Six Greenville County Schools graduates comprise the inaugural induction class of the new GCS Hall of Fame.
The inaugural class includes scientist Charles Townes, former South Carolina Governor and U.S. Secretary of Education Richard W. Riley, professional football player Andre Goodman, opera singer Elizabeth “Betsy” Bishop, former GCS Superintendent Thomas Kerns, and news anchor Jane Robelot DeCarvalho. They will be inducted Thursday night.
The Hall of Fame honors GCS graduates who have made a substantial or significant contribution at the local, regional, national, or international levels in such areas as education, arts, business, media, public service, philanthropy, medicine, military, science, or athletics.
Hall of Fame nominees must have graduated at least 10 years prior to their nominations and exemplify honesty, integrity, trustworthiness, and other evidence of good character.
Charles Hard Townes
Whether he was conceiving the idea that led to the laser, an invention that would transform science and technology, or listening to presentations of third-graders at the Greenville school for highly gifted students bearing his name, Charles Townes had undying curiosity.
The 1931 Greenville High graduate, who died in 2015 at the age of 99, won the 1964 Nobel Prize for his revolutionary work. During his eight decade-long career, Townes advised presidents and served as chairman of a committee to NASA’s manned space program.
Townes, who graduated from Furman at age 19, was seated on a bench in Franklin Square Park in Washington, D.C., one spring morning in 1951 when the solution to a problem of how to create a pure beam of short-wavelength, high-frequency light came to him. Fruits of his discovery include computer hard drives, laser optical surgery, and satellite broadcasting.
Andre Goodman dreamed of playing in the NBA. He played 10 seasons in the NFL instead.
Goodman, a 1997 graduate of Eastside High, was a promising basketball player when two classmates talked him into trying out for football. Goodman ended up earning All-State honors as a wide receiver and defensive back and went on to earn a scholarship at the University of South Carolina, where he was a four-year letterman and two-year starter.
While a redshirt freshman at USC, he suffered a severe knee injury, something that some thought would end his football playing days. Instead, he was drafted in the third round of the 2002 draft and played with the Detroit Lions, Miami Dolphins, and Denver Broncos. Goodman is back at USC as its Director of Football Development.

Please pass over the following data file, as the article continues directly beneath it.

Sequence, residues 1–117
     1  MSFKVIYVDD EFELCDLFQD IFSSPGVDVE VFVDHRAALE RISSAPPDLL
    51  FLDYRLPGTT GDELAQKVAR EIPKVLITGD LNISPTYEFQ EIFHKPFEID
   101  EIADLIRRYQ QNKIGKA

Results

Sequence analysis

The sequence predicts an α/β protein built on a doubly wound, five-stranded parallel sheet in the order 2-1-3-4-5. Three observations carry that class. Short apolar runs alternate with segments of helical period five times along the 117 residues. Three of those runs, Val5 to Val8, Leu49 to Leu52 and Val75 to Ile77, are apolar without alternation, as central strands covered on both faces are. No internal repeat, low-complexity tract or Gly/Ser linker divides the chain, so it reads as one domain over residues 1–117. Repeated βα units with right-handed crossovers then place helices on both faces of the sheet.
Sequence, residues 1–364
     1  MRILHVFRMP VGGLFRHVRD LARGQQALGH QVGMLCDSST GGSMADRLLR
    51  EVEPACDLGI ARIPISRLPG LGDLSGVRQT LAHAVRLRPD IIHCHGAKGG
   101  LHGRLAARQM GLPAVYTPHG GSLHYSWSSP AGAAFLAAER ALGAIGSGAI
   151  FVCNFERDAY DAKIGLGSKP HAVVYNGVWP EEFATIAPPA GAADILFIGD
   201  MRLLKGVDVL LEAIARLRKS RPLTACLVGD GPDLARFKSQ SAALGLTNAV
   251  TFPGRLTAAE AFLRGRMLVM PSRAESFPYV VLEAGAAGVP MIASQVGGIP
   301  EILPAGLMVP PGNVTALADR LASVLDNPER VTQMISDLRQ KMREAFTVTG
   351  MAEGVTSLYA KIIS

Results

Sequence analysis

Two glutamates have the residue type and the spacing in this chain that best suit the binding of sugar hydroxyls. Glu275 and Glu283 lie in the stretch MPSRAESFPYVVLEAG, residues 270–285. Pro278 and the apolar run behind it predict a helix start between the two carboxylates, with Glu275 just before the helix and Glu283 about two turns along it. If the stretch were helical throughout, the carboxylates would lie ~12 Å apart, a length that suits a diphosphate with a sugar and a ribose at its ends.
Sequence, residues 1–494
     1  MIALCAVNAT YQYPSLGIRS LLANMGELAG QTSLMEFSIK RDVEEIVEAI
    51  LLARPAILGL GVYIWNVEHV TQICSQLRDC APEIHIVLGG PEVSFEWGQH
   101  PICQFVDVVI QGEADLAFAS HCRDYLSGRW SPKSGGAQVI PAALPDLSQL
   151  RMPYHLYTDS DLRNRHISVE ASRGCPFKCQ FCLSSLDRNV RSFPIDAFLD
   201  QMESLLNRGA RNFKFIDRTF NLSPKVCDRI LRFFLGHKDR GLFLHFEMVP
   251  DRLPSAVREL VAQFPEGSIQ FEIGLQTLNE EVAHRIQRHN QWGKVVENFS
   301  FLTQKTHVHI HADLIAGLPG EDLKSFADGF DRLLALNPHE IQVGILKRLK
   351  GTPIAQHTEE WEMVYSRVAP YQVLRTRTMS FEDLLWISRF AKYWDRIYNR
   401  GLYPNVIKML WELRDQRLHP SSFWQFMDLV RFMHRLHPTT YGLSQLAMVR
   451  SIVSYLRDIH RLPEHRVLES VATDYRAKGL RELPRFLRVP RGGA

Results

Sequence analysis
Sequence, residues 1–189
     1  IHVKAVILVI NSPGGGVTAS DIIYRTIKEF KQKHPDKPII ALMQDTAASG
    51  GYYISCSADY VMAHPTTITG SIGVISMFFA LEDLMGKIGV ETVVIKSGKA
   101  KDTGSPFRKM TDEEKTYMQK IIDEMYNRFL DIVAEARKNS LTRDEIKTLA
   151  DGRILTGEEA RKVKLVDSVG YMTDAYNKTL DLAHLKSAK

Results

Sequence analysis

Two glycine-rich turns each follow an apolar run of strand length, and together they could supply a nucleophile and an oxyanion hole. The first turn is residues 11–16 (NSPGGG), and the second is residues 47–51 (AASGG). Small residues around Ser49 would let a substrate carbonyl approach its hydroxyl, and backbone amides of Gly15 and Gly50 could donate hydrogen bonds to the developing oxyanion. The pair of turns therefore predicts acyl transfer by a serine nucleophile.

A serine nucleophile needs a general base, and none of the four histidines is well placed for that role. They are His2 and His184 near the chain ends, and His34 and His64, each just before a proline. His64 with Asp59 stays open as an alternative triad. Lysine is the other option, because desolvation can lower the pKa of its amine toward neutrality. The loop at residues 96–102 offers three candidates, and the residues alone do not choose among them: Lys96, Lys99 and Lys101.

Elizabeth “Betsy” Bishop’s career plan was to win the Metropolitan Opera National Council Auditions in 1993, get into its Young Artists Program and be rich and famous by the time she was 30.
Bishop, who attended Berea High and the Fine Arts Center and is a 1985 GCS graduate, won the competition but wasn’t chosen as one of the Young Artists. But Bishop didn’t let that stop her from a career as a mezzo-soprano that has taken her all over the world.
Bishop, known for her powerful, nuanced portrayals and “lustrous” voice, made her MET debut in 1994, and she continues to be a company regular. In addition, Bishop maintains a close association with her home company, Washington National Opera. She is also the founder and head of the Potomac Vocal Institute in Washington, D.C.
Thomas E. Kerns
Thomas E. Kerns began his career as a teacher in a segregated school system and went on to become Greenville County’s first African-American superintendent.
Kerns was a French and social studies teacher at Sterling High School. He went on to serve as a guidance counselor, school administrator, and district administrator. Kerns, who died in 2007, became GCS’ fifth superintendent of the School District of Greenville County in 1989.
Kerns, who graduated from Sterling in 1949, implemented an Affirmative Action hiring plan in the district, the first one for any South Carolina school system, and pushed for better relations between the district and the community. He was named one of the top 100 school executives in 1993 by The Executive Educator magazine and was Superintendent of the Year in 1991.
Richard W. Riley
Richard W. Riley isn’t afraid of a challenge. Riley, a 1950 Greenville High graduate, was commissioned in the U.S. Navy and stationed overseas when he contracted rheumatoid spondylitis, a rare degenerative spinal disease that left him with a fused spine. A Navy medical specialist predicted he would spend his life in a wheelchair. He did not know Riley’s determination.
As a member of the state House, Riley led the Young Turks, a group that wanted to reform the good ol’ boy system and give power and authority to local government. As governor, Riley mobilized support for the Education Improvement Act, which has been called by some as the most important education legislation ever passed in South Carolina.
He went on to serve as U.S. Secretary of Education in the administration of President Bill Clinton.
Jane Robelot DeCarvalho
Jane Robelot DeCarvalho, a 1978 Wade Hampton High graduate, is a storyteller. DeCarvalho, who was senior class president and Homecoming queen, began her television career with WSPA-TV, the CBS affiliate in the Greenville-Spartanburg market.
She co-anchored “CBS This Morning” from 1995 to 1999. During that time, she won two national Emmy Awards for journalistic excellence. After leaving New York, DeCarvalho was the lead anchor for the CBS affiliate WGCL-TV in Atlanta.
DeCarvalho and her husband, Emmy Award-winning combat cameraman Mario DeCarvalho, started a high-definition video production and marketing company. She is also a contributed special projects anchor for NBC affiliate WYFF-TV, hosting its “Chronicle” specials. In 2009, she won a Peabody Award for the documentary “Chronicle: Paul’s Gift.”
The Hall of Fame is a project of GCS and the nonprofit Greenville County Schools Foundation.
Watch to find out more about the inductees: